The pound has slipped to a one-year low against the US dollar, amid worries the UK will crash out of the EU without a trade deal.
The pound fell below $1.29 on Thursday, down 1.7% since the start of the month, and weakened against the Euro. The 1.11 exchange rate against the Euro was the lowest in nine months and a 0.8% decline since the beginning of August. Sterling also lost ground against the Swiss franc and the yen.
The losses came despite the quarter-point hike in UK interest rates, which usually boosts the value of sterling, and reflected mounting concerns about the likelihood of a turbulent and financially costly Brexit. Bank of England governor Mark Carney has warned that the possibility of Britain leaving the EU without a trade deal are “uncomfortably high” and international trade secretary Liam Fox pegged the odds of the UK arriving at the EU exit date in March without a deal at “60-40.”
Financial markets have responded to fears that a no-deal exit will disrupt supply chains, cause chaos at borders, and isolate UK businesses. The government last month admitted to stockpiling food and vital medicine to prepare for an exit in March without a trade deal, amid warnings from the National Farmers’ Union, the British Retail Consortium and drug manufacturers about possible supply shortages.
The recent dip in sterling will drive up the cost of imported goods and fuel inflation, putting a new squeeze on living standards and profits, as public and business confidence in the government’s approach to Brexit has tumbled. Voters’ approval of the government’s handling of negotiations with the EU has fallen to just 22%, according to pollsters ORB International. Last month Airbus chief executive chief executive Tom Enders raised sharp concerns about the progress of Brexit negotiations and accused the government of having “no clue” how to exit the EU without harm to the economy. The IMF has warned that a worst-case, no-deal Brexit could wipe 4% off the UK’s GDP.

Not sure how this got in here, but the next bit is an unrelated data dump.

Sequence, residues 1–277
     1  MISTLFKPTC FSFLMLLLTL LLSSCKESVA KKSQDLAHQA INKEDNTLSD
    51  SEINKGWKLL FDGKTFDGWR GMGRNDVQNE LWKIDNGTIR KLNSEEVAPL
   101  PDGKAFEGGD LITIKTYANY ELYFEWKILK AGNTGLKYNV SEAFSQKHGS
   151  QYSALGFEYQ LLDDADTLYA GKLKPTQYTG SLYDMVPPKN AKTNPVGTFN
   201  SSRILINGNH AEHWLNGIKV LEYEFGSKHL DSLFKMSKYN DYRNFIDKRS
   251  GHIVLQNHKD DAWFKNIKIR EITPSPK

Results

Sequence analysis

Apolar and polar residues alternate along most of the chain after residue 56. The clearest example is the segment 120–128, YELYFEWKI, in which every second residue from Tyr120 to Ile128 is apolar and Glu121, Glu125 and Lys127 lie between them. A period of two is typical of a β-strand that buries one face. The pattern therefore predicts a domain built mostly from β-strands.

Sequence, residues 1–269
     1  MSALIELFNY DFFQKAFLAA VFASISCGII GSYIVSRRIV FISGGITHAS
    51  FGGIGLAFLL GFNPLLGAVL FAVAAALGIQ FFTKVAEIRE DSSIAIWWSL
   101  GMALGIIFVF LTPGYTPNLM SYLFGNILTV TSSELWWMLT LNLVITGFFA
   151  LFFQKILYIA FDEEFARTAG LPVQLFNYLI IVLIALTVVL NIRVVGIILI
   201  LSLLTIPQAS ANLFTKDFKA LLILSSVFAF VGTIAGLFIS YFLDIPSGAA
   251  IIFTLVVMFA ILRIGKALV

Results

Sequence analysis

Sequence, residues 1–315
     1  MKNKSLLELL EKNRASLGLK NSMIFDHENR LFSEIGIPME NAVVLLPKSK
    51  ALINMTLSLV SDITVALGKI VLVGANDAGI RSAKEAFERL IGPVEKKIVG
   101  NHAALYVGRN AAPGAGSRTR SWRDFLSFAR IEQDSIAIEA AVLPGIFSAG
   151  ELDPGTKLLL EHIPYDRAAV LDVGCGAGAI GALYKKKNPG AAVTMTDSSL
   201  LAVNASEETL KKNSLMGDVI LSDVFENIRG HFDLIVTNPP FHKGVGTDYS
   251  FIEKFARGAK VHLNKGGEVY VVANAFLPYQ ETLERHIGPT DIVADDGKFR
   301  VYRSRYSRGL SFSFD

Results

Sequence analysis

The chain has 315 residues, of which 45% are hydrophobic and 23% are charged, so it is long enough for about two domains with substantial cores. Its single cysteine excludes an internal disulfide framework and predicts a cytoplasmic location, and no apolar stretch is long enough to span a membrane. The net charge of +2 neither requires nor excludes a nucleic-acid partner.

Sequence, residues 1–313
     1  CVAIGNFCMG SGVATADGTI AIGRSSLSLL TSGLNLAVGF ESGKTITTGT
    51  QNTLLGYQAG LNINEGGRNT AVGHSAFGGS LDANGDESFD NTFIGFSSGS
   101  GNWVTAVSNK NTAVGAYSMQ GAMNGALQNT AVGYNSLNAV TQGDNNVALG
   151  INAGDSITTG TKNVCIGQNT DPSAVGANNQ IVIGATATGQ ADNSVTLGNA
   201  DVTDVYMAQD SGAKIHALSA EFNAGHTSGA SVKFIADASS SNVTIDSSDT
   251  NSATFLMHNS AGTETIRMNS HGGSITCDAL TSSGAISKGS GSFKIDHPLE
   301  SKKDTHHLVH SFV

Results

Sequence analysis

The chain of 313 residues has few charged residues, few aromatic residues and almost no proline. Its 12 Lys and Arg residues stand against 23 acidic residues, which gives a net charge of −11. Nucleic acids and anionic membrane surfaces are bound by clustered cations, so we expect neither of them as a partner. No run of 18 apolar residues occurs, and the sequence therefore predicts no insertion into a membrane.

Foreign exchange analysts have warned that such an exit could cut a further 10% off the value of the pound.
The pound dipped sharply in the immediate aftermath of the EU referendum in June 2016 and, despite temporary gains in the spring of this year, has yet to make a recovery to pre-Brexit vote levels.
Summer holidaymakers are already feeling the pinch, as a weakened pound reduces purchasing power abroad.
The collapse in the pound has been magnified by recent gains made by the US dollar, on the back of strong economic reports and healthy company profits in the first two quarters of the year.